So you want to understand the point of multiple signatures (“multisig”) on a Stellar wallet?
Well, you’re in luck, its applicability and purpose are easier to understand than you might initially think. This is because a multiple signature requirement on a Stellar wallet can be compared to other real-world examples that you’re likely familiar. But, before we jump into those other examples, let’s first start by breaking down what a Stellar “signature” is.
A Stellar signature can be thought of as a unique key that is used to give you access to your wallet, authenticate a decision, or even prove your identity – not unlike a wax seal on a piece of parchment in the Middle Ages, handwritten signatures for checks, fingerprints for smartphones, or even the iris of your eye in the most technologically advanced cases.
However, unlike these other forms of physical signature, a Stellar signature is digital and uses cryptography to pair a secret signature with a public wallet address. A Stellar signature comes in the form of a 56-character string of letters and numbers that always starts with an “S”. Important: Would you share your eyeball with someone else? Of course not! Just like your eyeballs are needed to see, secret Stellar keys are needed to sign, but neither should ever be shared with anyone.
So, why would someone want to add multiple signatures to a Stellar wallet?
Well, for the most part, people add a multiple signature requirement to their Stellar wallet for added security. It’s really no different than the “two-person rule” used to ensure two authorized people are required to turn keys (effectively signatures) before initiating some sort of critically important event – like launching a nuclear missile or turning off a Russian machine designed to open a gateway to a parallel world.
And no, not all real-world examples of multiple signature requirements are as dramatic as Winona Ryder in the last episode of season 3 Stranger Things. In fact, some can be found in some of the most boring places on the planet – brick and mortar banks.
Do you know what bankers added to make safety deposit boxes more secure?
You guessed it; bankers added a requirement that two keys be required to open a single safety deposit box. In actuality, gaining access to someone’s safety deposit box might require even more than four keys – one to enter the building, one to gain access to the room with the safety deposit boxes, and two to open a particular box!
These non-Stellar examples of requiring two keys to authorize or gain access to something physical are really no different than adding a multiple signature requirement on a digital Stellar wallet. For example, multiple signature on a Stellar wallet in its most simple form would authorize two secret keys and require both signatures before any transaction is authorized. A more advanced multiple signature setup could authorize up to 20 different signatures and require only a subset of those signatures before any transaction is authorized. Click here for more examples and other technical information.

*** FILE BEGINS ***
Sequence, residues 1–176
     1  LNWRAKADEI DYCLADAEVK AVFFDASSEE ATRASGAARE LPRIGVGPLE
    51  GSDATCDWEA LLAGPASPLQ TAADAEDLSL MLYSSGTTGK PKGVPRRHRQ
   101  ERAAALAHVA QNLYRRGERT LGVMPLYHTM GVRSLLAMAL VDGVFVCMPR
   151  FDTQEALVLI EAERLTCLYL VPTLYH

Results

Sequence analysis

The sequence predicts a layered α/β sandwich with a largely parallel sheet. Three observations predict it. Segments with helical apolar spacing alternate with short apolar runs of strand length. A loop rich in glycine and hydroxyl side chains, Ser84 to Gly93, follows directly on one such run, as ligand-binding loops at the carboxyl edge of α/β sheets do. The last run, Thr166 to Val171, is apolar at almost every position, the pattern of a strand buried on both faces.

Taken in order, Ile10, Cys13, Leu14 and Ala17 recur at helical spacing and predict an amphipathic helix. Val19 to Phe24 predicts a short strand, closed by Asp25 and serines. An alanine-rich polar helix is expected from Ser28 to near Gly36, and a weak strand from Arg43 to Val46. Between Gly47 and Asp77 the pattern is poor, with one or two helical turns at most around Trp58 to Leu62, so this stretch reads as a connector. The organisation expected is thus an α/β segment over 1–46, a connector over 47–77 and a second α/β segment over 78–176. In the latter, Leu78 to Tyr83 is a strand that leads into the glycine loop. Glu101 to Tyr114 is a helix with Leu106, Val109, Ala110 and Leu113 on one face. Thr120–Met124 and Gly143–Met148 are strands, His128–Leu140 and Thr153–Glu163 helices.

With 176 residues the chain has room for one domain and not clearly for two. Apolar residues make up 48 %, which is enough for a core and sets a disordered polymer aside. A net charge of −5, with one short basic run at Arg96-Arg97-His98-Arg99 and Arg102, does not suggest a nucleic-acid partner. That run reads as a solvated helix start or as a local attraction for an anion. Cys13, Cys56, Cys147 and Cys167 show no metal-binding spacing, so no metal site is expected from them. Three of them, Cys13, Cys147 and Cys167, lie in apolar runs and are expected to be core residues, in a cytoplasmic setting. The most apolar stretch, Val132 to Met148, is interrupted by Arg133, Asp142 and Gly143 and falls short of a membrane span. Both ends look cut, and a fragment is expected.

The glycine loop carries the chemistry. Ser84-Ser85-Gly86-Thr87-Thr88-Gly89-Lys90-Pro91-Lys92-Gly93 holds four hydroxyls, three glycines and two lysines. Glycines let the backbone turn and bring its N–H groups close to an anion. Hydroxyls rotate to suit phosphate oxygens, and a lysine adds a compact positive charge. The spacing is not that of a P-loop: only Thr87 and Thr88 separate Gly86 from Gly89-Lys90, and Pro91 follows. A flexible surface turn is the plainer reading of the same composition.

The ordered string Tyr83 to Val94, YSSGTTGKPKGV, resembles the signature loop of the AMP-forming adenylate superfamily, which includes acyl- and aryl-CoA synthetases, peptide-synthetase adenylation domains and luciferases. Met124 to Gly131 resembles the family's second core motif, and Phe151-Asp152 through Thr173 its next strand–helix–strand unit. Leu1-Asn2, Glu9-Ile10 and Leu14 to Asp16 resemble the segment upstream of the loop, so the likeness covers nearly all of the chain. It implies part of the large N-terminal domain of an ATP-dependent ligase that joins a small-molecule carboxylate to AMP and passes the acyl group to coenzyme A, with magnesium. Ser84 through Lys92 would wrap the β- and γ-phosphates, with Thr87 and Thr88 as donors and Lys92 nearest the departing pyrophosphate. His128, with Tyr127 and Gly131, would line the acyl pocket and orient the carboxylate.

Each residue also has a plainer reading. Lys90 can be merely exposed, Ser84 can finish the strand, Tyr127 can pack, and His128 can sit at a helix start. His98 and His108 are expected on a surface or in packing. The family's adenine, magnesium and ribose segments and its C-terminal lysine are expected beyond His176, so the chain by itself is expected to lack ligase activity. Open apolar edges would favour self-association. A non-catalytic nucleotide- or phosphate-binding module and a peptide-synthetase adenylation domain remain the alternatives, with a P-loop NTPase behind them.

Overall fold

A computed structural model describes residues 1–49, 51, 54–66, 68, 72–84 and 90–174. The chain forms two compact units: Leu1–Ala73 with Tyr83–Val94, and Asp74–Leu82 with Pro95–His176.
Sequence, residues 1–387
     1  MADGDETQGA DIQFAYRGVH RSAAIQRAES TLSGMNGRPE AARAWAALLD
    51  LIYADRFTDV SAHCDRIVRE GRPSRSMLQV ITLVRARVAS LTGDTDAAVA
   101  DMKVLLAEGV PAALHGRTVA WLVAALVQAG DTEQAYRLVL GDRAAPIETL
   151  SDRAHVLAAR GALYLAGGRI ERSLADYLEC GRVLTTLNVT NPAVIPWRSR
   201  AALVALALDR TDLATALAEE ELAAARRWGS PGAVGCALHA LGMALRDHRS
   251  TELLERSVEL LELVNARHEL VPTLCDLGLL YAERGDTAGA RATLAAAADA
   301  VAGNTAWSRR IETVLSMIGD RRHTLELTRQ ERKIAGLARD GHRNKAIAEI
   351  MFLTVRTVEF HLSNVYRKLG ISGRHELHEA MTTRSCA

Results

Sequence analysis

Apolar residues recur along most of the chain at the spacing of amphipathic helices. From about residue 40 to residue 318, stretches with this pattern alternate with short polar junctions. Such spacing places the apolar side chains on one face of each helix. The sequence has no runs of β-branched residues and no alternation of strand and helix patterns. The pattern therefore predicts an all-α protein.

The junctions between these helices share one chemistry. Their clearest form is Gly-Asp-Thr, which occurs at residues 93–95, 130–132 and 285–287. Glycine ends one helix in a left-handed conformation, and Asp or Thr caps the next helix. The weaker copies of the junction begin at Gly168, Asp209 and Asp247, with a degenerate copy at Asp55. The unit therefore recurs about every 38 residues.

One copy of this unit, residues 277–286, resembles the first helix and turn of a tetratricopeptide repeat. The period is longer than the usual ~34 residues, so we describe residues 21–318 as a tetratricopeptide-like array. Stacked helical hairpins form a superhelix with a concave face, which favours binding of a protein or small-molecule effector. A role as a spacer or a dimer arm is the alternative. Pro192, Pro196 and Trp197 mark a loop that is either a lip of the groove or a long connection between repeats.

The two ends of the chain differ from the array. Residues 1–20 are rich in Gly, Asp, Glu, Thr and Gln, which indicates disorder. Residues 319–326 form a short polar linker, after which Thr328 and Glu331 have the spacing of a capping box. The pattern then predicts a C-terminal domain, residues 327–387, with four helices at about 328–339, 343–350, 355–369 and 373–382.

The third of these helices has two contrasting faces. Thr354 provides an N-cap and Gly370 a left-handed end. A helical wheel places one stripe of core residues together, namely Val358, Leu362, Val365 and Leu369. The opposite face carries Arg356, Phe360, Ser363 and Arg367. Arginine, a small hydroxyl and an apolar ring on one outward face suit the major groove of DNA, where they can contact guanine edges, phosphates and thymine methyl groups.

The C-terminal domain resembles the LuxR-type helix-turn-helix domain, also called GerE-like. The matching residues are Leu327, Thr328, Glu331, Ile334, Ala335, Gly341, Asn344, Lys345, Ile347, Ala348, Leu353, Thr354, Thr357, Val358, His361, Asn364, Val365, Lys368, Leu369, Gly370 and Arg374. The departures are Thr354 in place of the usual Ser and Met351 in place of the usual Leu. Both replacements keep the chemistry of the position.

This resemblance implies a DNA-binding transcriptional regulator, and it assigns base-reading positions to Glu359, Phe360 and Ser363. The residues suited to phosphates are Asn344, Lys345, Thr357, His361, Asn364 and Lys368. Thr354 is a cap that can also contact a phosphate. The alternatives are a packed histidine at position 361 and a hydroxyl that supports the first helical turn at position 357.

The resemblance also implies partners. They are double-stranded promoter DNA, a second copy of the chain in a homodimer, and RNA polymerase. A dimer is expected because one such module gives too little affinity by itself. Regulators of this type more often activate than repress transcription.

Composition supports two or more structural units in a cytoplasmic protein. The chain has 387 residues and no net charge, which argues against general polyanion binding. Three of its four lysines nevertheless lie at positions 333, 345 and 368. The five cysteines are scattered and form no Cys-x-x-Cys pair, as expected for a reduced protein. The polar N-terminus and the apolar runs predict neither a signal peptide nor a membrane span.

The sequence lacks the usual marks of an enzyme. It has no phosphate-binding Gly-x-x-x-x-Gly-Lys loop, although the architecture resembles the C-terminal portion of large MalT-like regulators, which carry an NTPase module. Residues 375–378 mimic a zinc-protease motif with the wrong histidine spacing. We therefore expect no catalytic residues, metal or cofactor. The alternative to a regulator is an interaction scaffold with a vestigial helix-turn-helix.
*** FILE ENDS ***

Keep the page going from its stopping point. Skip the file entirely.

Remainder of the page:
Twenty authorized signatures! Sounds good for institutions, but is it really necessary for individuals?
Individuals don’t need a complex 20 signature setup, but requiring one or two additional signatures, absolutely! Put simply, if your Stellar wallet holds more value than you normally keep in your physical wallet, you should consider adding a multiple signature requirement. This is especially true if you do not use a hardware wallet (e.g., Ledger and Trezor) that has the capability of signing transactions without ever revealing your secret key. But, even with a hardware wallet, adding a multiple signature requirement to any wallet with significant balances may be worth considering on the off chance someone discovers your 24-word recovery phrase.
Want to know why adding a multiple signature requirement is especially important for non-hardware wallets?
Well, it’s because secret Stellar keys are just like eyeballs – if you want to see the beautiful world around you, you have to open your eyes at the risk of damage, or even the inadvertent iris scan. Similarly, if you want to use your Stellar wallet, you have to sign transactions with your secret key at the risk of inadvertently revealing your secret key to someone else. Granted, this is a rather silly analogy and some methods of storing and using your secret Stellar key are safer than others, but the point stands and the risk real.
So how do you add the safety of multiple signature to your Stellar wallet?
Good question! There are several ways to do it, some easier than others. Some people choose to add it themselves through the Stellar Laboratory, but this requires some technical know-how. Others skip the technical know-how and choose to use services like Lobstr Vault or StellarGuard.
And with that, I hope you now better understand the multiple signature feature built into Stellar and consider using it for that next level of security it provides you and your Stellar wallet!